In early February, the technologist Tristan Harris stood in front of a crowd at a tech conference and held up his iPhone like Martin Luther presenting his Ninety-five Theses. He was there to warn of the plain and common dangers of our phones, which he has compared to slot machines and to cults, while announcing a coalition called the Center for Humane Technology to liberate us.
Harris had begun this crusade several years prior, as a Google employee who noticed how tech companies designed products to keep us locked on our devices for their own profit. This represented, to him, a crisis in attention. Now, Harris was hoping to wake the rest of us up—and maybe even convince our tech overlords to do something about it. He even gave his radical movement a name: Time Well Spent.
Nearly a year later, Harris's cause no longer seems fringe. It's downright mainstream. Apple wants to free you from the sticky trap of your iPhone. Google wants you to feel JOMO, the "joy of missing out" from your screen. Even Facebook has its own suite of tools to help you manage your screen time, and Mark Zuckerberg called "time well spent" his personal goal for the year, cribbing the language directly from Harris's movement. The consensus in Silicon Valley is that you should spend less time on your phone.
'Time Well Spent was never about giving users features to set time limits on their phones.'
But don't be deceived. While it looks like the revolution is won, this is just the beginning of a war to colonize your phone screen. Google, Apple, and Facebook seem like they've handed over the keys to unshackle us from our attention-splintering devices, but in doing so, they've accomplished something more significant. Tech companies have co-opted the movement, turning "digital wellness" into a Goopified trend that functions as marketing.
"It has been a big year for the movement, but it has also illustrated how much work lies ahead," says Fred Stutzman, the CEO of Freedom , which helps people manage their time on-screen by blocking apps and websites. "We’re at this uncomfortable stage of digital well-being as marketing, where the tools created by corporations seem like a way to improve their brand image and atone for their past sins."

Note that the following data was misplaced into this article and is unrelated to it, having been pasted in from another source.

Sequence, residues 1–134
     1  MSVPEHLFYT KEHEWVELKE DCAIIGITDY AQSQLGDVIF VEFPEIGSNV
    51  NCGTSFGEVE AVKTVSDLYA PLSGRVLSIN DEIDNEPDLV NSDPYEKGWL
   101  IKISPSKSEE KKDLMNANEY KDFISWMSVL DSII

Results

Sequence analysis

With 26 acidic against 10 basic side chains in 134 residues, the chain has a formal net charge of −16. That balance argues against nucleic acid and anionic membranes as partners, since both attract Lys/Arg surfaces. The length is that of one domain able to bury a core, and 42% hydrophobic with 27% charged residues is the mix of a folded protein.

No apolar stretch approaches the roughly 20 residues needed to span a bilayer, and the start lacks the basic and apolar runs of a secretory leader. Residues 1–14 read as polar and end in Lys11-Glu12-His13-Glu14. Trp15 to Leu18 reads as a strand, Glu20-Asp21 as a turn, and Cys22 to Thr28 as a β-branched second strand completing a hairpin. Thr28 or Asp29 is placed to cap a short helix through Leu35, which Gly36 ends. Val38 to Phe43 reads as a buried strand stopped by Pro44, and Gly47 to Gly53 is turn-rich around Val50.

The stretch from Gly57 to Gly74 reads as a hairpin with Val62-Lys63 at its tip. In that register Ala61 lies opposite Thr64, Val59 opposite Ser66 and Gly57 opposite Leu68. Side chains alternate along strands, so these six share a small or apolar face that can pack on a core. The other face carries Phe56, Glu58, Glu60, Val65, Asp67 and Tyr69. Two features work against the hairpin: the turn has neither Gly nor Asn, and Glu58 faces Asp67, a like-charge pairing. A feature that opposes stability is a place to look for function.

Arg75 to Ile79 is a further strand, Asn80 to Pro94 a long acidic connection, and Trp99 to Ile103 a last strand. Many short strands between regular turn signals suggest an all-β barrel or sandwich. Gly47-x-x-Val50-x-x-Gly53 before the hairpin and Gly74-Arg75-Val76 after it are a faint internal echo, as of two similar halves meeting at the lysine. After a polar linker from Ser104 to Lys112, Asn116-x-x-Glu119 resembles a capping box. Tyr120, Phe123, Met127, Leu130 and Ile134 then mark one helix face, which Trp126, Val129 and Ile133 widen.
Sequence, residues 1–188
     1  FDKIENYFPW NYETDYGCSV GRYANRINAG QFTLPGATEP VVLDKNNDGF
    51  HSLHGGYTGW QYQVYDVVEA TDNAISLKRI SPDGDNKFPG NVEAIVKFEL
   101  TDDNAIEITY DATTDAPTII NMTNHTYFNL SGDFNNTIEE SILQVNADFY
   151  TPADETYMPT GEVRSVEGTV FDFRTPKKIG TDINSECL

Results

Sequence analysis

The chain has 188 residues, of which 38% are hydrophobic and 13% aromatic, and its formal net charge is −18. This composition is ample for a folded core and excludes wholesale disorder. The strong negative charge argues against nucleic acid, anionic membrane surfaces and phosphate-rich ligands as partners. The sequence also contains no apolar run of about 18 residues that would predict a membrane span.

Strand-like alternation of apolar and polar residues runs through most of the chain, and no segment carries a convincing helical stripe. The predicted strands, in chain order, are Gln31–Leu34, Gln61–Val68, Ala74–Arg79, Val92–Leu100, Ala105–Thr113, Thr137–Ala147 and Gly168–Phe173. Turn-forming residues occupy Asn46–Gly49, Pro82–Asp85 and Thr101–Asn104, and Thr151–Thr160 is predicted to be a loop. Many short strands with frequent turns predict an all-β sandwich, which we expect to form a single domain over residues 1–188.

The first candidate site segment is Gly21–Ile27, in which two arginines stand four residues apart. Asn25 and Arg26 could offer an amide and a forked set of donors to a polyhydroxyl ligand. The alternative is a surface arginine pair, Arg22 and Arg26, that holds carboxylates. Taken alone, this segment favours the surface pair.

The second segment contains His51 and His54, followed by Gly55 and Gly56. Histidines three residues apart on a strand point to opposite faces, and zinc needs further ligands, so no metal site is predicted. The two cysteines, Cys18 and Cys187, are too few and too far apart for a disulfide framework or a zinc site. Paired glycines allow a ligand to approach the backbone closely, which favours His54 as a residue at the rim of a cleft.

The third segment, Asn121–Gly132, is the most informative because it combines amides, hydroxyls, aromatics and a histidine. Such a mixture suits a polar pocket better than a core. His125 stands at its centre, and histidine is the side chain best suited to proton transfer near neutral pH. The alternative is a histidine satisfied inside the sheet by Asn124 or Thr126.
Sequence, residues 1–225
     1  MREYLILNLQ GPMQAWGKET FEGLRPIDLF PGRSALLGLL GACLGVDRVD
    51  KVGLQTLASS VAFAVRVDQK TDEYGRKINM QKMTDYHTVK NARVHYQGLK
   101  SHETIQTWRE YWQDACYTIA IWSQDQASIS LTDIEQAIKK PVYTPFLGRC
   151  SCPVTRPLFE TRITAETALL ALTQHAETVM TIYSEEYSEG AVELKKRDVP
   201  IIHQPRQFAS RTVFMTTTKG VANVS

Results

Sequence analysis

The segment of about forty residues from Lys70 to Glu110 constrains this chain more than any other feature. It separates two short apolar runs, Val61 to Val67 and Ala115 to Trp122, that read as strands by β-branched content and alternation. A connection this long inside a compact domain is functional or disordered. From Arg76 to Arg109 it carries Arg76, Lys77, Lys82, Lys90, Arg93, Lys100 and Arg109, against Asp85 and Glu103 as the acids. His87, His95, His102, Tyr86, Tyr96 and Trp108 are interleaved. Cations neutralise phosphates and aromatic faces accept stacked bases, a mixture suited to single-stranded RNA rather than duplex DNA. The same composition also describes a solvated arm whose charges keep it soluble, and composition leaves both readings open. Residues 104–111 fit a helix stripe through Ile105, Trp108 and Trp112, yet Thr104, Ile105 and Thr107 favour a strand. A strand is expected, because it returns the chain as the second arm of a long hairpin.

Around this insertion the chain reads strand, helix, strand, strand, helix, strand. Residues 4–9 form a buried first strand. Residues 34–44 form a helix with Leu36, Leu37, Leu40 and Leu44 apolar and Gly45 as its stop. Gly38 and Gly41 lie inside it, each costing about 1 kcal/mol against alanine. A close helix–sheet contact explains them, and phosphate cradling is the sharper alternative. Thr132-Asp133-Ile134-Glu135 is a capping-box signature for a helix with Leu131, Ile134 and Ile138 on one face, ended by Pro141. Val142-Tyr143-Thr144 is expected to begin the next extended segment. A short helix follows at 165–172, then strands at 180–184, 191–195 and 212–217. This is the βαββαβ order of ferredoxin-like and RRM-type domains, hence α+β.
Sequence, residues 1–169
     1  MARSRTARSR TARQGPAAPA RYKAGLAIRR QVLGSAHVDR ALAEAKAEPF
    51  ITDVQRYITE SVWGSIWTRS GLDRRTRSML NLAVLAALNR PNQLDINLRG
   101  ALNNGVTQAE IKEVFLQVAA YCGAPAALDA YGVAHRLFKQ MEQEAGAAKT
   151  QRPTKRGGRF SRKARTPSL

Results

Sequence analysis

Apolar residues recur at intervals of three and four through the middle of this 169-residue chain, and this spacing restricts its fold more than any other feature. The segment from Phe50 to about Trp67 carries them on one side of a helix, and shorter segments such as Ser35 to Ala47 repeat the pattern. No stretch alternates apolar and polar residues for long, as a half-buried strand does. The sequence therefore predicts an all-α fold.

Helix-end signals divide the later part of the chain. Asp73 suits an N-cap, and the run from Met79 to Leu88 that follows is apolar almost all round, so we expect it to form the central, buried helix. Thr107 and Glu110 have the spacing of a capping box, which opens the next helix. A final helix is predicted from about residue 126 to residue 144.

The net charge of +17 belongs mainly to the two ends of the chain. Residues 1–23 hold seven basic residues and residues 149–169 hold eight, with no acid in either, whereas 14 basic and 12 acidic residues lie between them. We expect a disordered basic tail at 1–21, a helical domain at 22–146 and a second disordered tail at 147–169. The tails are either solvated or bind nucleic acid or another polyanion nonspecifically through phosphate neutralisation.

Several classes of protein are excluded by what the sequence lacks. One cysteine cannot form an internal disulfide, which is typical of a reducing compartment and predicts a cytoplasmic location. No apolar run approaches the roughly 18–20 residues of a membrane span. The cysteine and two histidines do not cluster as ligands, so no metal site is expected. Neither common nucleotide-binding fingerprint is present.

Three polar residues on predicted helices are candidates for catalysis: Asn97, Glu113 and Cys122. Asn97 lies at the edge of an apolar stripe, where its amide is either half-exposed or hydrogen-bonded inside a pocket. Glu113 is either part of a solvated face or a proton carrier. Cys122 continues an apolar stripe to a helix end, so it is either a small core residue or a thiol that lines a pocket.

The low-hanging fruit of humane technology—turning off notifications, minimizing the number of times your screen lights up and asks you to pay attention to it—has been picked up by Google and Apple. On both iOS and Android, it's now easier to keep track of how many hours you spend on certain apps, and even set app time limits. But neither company has done much to address the persuasive design of those apps, or help people move beyond what was already possible to do by manually changing a few settings in your phone.
In other words, Google and Apple used the banner of "digital wellness" to re-package tools that already existed, without changing much of anything about your phone.
"Time Well Spent was never about giving users features to set time limits on their phones, it was about changing the game from which companies compete," says Harris. "The problem is that everyone misunderstood what 'time well spent' was about by anchoring on the word 'time.' As if lost time was the biggest harm coming from technology. The original TED talk makes clear that the root problem is the race-to-the-bottom of the brain stem to manipulate human nature—hijack our minds—because of the business model to capture people’s time."